How Focus Features is selling a new version of a classic novel.
Adaptations of Jane Austen’s most famous novels are relatively common on the big screen. Some take a more faithful approach to the source material (see 1995’s Sense and Sensibility) while others update the characters and situations to a more modern setting.
The new version of Emma – directed by Autumn de Wilde and starring Anya Taylor-Joy in the title role – seems to split the difference, keeping the time period of the original while updating some of the sensibilities of the characters. Remaining intact is the premise of the story, that Emma Woodhouse is the undisputed social queen of her town, becoming a matchmaker for those around her. While trying to get everyone married and attached she has trouble setting down herself until she finds a solution has been in front of her the whole time.
Focus has been selling the film, getting a limited release this week with an 88 percent “Fresh” rating on Rotten Tomatoes, with a wicked sense of humor behind a story of gender roles and class in 19th century England.
Emma is “Handsome, clever and rich” we’re told on the first poster (by marketing agency P+A). She’s shown standing and looking ready to match wits with all comers, perched on a flat rock on the edge of a massive estate garden. The plants in the foreground look deliberately fake while the background looks like a matte painting, giving the poster the look of a stage production of sorts. It’s a great look.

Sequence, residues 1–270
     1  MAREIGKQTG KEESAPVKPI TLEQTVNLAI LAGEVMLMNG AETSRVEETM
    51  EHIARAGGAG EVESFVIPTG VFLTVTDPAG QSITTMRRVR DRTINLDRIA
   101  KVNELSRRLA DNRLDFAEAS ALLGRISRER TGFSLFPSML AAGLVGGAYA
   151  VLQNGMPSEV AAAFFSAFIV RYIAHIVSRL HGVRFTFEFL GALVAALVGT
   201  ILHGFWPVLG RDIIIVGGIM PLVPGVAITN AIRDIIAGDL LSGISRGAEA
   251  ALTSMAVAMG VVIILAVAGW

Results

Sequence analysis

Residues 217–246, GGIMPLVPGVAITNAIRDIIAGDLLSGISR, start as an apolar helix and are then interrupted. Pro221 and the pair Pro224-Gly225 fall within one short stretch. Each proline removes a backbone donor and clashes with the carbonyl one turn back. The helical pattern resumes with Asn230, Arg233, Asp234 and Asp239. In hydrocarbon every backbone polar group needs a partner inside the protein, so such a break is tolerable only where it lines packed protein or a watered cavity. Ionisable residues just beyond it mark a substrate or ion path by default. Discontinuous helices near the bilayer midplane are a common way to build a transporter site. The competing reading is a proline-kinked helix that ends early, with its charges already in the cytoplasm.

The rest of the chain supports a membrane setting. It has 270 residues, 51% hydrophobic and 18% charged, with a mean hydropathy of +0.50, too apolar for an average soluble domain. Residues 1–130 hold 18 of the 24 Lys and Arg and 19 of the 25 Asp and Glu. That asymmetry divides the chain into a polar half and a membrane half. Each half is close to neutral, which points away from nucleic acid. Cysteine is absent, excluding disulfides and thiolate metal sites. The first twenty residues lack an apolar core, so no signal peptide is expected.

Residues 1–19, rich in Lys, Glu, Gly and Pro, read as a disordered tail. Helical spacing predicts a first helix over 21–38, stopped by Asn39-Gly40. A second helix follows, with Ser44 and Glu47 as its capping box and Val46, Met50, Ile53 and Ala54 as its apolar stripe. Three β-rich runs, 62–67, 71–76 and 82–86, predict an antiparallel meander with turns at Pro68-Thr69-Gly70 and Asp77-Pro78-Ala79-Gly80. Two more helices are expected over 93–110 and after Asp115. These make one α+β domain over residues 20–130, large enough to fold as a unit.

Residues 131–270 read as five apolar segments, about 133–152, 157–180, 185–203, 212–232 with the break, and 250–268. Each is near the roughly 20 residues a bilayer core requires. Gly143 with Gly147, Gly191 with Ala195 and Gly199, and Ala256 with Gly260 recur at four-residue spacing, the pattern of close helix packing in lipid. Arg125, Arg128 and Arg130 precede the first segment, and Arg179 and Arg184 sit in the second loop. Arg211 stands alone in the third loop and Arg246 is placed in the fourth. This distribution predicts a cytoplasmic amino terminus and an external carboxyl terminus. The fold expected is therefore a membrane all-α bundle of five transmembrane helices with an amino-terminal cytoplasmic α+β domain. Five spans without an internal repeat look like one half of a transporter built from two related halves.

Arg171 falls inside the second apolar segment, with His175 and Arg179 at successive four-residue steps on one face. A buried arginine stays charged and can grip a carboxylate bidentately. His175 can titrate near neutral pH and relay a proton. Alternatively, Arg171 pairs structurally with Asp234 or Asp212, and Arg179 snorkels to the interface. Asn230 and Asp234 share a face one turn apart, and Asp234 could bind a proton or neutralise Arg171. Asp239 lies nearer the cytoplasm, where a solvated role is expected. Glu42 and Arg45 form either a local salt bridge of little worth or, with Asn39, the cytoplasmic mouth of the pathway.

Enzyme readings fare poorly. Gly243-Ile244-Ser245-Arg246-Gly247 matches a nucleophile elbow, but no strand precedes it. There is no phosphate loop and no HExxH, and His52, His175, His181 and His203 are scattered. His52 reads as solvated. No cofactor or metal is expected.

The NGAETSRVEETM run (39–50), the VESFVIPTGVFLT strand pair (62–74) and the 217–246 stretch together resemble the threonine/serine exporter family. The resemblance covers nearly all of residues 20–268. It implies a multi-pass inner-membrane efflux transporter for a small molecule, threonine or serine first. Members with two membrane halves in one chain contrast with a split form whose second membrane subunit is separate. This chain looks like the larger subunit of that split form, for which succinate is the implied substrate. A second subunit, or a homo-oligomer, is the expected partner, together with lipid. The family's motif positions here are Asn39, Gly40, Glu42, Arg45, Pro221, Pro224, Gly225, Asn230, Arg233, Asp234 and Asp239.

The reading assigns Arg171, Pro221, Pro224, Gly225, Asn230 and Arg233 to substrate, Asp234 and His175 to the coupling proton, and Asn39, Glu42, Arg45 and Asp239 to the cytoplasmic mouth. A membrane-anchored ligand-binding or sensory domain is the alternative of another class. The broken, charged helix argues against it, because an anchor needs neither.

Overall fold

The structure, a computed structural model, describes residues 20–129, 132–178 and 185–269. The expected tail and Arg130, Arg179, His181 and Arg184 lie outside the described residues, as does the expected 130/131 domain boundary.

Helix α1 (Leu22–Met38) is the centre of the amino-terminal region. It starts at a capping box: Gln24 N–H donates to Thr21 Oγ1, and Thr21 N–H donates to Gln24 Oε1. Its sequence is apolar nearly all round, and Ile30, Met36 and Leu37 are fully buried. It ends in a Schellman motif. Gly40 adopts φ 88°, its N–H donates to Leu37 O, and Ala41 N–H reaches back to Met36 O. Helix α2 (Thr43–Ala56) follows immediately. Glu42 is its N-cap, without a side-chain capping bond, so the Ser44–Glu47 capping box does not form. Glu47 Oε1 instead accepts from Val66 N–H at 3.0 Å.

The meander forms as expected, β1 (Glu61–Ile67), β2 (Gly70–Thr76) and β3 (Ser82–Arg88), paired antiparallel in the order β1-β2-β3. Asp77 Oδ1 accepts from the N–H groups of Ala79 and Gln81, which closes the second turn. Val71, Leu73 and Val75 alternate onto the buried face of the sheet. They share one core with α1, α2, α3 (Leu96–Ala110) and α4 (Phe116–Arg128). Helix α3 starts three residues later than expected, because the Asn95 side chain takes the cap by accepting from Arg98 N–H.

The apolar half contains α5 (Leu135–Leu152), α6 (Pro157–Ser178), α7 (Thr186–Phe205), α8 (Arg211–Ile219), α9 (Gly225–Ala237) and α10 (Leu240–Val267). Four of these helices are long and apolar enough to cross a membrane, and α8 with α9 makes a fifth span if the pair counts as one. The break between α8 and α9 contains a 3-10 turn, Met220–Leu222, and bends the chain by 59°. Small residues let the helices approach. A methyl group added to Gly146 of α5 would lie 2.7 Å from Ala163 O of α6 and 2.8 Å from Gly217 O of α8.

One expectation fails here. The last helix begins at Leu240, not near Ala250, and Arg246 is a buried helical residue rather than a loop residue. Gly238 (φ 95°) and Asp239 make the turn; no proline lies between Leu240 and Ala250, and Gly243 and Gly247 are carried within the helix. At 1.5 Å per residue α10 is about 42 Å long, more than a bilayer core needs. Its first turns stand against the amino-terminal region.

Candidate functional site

“Love knows best” is the copy used on the second poster, released in mid-January), which adds Mr. Knightly and Mr. Churchill, both of whom play significant roles in the story, to either side of Emma in the same setting.
Just last week a series of character posters came out that shows more of those in Emma’s social sphere, also in the same background. Using the same setting for the entire poster campaign creates a great sense of brand consistency, all while presenting the movie like a stage play.
As the first trailer (4.3 million views on YouTube), released in November, makes clear, this is not a traditional take on Jane Austin’s material. All the story elements might be there – though the trailer doesn’t take pains to communicate them in any sort of linear fashion – but the attitude is much more arch and comedic. It’s a fast-paced trailer that shows the material is every bit as malleable as other classics, even if you keep the time period setting.
Online and Social
The movie’s official website uses the standard Focus Features site template but offers a lot more content than has been seen on other recent efforts. For the most part that takes the form of curated social updates that offer behind the scenes and other looks at the production and stars. There are also profiles on the major social platforms.
Advertising and Promotions
A 60-second commercial was released last week that cuts the story down slightly while retaining everything about the sense of humor the movie contains. Emma is presented as a willful and slightly subversive young woman, seeking to maneuver those in her orbit into marriages, all while oblivious to the romance in front of her.